Purchase this article with an account.
Jing Xie, Gwyneth Rees, Eva K Fenwick, Bonnie A Sturrock, Ecosse Luc Lamoureux; The impact of diabetic retinopathy and diabetic macular edema on symptoms of anxiety and depression in adults with diabetes. Invest. Ophthalmol. Vis. Sci. 2014;55(13):4578.
Download citation file:
© ARVO (1962-2015); The Authors (2016-present)
Whilst the presence of diabetic complications has been associated with heightened distress, few studies have examined this relationship in detail. This study explored the association of the severity of diabetic retinopathy (DR) and diabetic macular edema (DME) with depression and anxiety in adults with diabetes.
A prospective study of patients with diabetes was conducted in a tertiary eye hospital in Melbourne, Australia. Patients underwent a comprehensive eye examination and completed standardized interview-administered questionnaires. Blood samples were assessed for HbA1c; fasting blood glucose; and serum lipids. Dilated fundus photographs (disc- and macula-centred) were obtained and graded for the severity of DR (no DR, mild non-proliferative DR (NPDR), moderate NPDR severe NPDR, and PDR) and DME (no DME, mild DME, moderate DME and severe DME). Symptoms of depression and anxiety were measured using the Hospital Anxiety and Depression Scale (HADS). These two main traits were Rasch-transformed, and analysed as continuous variables. Multiple linear regression models were used to determine the associations between depression and anxiety scores and the severity of DR and DME.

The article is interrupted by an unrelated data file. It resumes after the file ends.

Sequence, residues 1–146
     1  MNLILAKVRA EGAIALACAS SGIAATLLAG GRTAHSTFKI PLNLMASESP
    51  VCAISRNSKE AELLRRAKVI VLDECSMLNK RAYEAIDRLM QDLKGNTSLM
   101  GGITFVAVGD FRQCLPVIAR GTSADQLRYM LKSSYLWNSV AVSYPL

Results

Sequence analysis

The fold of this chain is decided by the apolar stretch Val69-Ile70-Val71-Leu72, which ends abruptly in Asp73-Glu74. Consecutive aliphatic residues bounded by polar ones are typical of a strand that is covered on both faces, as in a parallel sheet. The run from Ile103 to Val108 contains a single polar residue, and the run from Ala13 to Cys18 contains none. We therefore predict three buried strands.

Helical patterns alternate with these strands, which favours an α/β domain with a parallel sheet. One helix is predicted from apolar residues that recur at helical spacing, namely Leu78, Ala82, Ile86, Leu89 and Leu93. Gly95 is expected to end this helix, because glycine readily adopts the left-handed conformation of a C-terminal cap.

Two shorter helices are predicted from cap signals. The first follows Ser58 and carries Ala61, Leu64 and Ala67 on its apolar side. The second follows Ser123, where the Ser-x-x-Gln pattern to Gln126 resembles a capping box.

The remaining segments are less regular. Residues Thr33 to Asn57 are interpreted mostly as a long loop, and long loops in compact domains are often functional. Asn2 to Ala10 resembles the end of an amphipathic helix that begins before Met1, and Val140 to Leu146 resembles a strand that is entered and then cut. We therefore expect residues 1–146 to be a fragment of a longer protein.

Patients with diabetes (n=554) were evaluated [371(67%) male]. The median duration of diabetes was 13.0 (0-67) yrs. Of the study patients, 80 (15.7%) met the criteria for clinically significant depressive symptoms and 118 (23.0%) for anxiety. Severe non-proliferative and proliferative DR (PDR) were independently associated with the greater depressive symptoms (β= 0.48, 95% confidence interval [95% CI]: 0.02, 0.93) after controlling for sociodemographic factors, health risk behaviours and clinical characteristics, but not the anxiety symptoms (β= -0.14, [95% CI]: -0.48, 0.21). Severe non-proliferative and PDR contributed to 27.8% of the total explained variance in the depression symptoms. The severity of DME was neither associated with symptoms of depression nor anxiety.
There was a differential association of DR and DME with depression symptomatology. Only severe non-proliferative and PDR were independently associated with depressive symptoms but not with anxiety. Our findings suggest that psychological support is needed to assist patients in late stage DR.
This PDF is available to Subscribers Only